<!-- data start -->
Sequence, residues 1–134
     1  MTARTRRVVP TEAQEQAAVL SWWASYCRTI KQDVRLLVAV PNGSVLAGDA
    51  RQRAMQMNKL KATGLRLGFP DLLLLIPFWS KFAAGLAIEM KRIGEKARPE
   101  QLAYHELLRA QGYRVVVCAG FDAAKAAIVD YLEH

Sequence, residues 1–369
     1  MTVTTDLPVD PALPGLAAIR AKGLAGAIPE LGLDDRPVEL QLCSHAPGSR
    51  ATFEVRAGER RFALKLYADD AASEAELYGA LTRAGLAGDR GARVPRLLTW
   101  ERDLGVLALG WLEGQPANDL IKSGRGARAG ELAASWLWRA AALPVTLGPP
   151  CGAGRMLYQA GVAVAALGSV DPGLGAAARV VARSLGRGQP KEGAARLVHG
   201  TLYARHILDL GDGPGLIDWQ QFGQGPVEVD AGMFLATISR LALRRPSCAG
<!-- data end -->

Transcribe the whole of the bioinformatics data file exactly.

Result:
Sequence, residues 1–134
     1  MTARTRRVVP TEAQEQAAVL SWWASYCRTI KQDVRLLVAV PNGSVLAGDA
    51  RQRAMQMNKL KATGLRLGFP DLLLLIPFWS KFAAGLAIEM KRIGEKARPE
   101  QLAYHELLRA QGYRVVVCAG FDAAKAAIVD YLEH

Sequence, residues 1–369
     1  MTVTTDLPVD PALPGLAAIR AKGLAGAIPE LGLDDRPVEL QLCSHAPGSR
    51  ATFEVRAGER RFALKLYADD AASEAELYGA LTRAGLAGDR GARVPRLLTW
   101  ERDLGVLALG WLEGQPANDL IKSGRGARAG ELAASWLWRA AALPVTLGPP
   151  CGAGRMLYQA GVAVAALGSV DPGLGAAARV VARSLGRGQP KEGAARLVHG
   201  TLYARHILDL GDGPGLIDWQ QFGQGPVEVD AGMFLATISR LALRRPSCAG